On Sunday (April 22), the City of Vancouver will officially apologize for its role in past discrimination against Chinese Canadians.
The apology is part of a Chinatown Culture Day event that will include the launch of Vancouver artist Paul Wong's year-long residency at Dr. Sun Yat-sen Classical Chinese Garden in Chinatown.
Wong's residency will include exhibitions, screenings, workshops, collaborations with artists, performances, events, a website, and a book.
Wong, whose career spans over 40 years, will discuss his residency, entitled 身在唐人街/Occupying Chinatown, at B.C. Artscape (427–268 Keefer Street) from 3:30 to 5 p.m. on April 22.
His 1988 video Ordinary Shadows, Chinese Shade (in Chinese with English subtitles), which explores being second-generation Chinese Canadian in both Canada and China, will be screened at the garden and available online from April 22 to June 11.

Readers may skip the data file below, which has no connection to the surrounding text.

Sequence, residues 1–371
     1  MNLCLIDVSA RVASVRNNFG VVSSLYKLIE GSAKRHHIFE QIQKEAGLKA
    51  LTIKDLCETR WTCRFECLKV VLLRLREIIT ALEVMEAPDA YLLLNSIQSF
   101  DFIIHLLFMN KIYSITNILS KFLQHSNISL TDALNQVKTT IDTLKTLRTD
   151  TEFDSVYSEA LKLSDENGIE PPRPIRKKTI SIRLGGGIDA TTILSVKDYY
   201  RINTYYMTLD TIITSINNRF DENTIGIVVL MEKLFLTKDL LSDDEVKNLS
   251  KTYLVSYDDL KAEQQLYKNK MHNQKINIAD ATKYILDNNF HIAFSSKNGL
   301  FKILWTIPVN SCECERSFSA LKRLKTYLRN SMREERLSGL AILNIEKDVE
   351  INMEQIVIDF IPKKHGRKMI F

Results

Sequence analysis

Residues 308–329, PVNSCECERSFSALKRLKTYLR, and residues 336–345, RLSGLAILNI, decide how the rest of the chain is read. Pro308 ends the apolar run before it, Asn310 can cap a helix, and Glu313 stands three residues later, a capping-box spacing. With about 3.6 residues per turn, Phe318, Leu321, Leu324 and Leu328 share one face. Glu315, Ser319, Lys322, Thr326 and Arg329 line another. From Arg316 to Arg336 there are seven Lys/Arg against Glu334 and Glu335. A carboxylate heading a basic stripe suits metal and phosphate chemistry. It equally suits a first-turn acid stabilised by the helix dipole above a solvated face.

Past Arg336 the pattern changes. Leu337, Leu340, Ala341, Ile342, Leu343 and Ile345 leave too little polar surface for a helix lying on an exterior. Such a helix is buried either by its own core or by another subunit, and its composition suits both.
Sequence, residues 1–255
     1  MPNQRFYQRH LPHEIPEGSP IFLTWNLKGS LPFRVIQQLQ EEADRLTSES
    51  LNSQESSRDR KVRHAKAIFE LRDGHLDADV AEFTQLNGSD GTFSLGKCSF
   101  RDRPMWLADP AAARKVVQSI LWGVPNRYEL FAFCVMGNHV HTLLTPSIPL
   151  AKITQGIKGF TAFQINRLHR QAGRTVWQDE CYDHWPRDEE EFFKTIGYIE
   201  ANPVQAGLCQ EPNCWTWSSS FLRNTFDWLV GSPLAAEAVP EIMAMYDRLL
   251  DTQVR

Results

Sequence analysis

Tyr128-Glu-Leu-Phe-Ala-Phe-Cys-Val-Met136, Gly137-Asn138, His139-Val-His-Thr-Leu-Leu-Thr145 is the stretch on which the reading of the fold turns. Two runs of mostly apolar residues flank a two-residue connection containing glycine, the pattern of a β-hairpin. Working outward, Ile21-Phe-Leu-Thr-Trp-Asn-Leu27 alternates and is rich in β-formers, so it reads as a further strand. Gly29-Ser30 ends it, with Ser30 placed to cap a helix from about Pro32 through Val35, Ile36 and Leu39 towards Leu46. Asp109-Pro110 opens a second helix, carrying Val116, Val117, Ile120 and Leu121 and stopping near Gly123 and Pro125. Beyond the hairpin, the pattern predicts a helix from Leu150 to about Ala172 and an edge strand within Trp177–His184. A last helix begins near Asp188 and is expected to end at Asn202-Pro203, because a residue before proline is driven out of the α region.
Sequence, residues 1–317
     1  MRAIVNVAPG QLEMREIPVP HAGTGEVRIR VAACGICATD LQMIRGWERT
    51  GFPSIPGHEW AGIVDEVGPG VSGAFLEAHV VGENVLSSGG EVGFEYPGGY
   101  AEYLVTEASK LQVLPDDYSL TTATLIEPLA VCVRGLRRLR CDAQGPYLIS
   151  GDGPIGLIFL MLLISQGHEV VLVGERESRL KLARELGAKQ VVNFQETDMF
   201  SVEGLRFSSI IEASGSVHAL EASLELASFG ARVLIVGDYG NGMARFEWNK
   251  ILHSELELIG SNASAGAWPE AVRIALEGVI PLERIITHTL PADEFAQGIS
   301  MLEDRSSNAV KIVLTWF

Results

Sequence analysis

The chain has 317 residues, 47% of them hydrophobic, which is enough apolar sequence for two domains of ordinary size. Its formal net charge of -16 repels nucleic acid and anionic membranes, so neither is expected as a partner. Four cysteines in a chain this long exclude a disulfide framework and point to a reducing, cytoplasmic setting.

Among the works he will be creating include a neon sign called 咸水埠温哥华/Haam Sui Fow Wun Goh Wah, which will be mounted on the garden's exterior southern wall above the Moon Gate. The sign, which reads Saltwater City (咸水埠/Haam Sui Fow) and Vancouver (温哥华/Wun Goh Wah), honours Chinatown's Toisanese pioneers.
He will also create a multidisciplinary series based upon 700 letters written in Chinese that were sent to his mother, Suk-Fong Wong, from 1946 to 2016 by 90 writers.
Meanwhile, Paul Wong Projects/On Main Gallery at B.C. Artscape will be adjacent to and collaborate with Pride in Art Society's Sum Gallery, a new multidisciplinary gallery dedicated to works by queer artists. On May 12, Sum Gallery will launch its first exhibition, which will feature work by Vancouver artist and filmmaker Karin Lee and is curated by Wong and Queer Arts Festival executive director SD Holman.
Among the numerous awards he has won, Wong, who is recognized as a media-art pioneer, won the Audain Prize for Lifetime Achievement in the Visual Arts in 2016.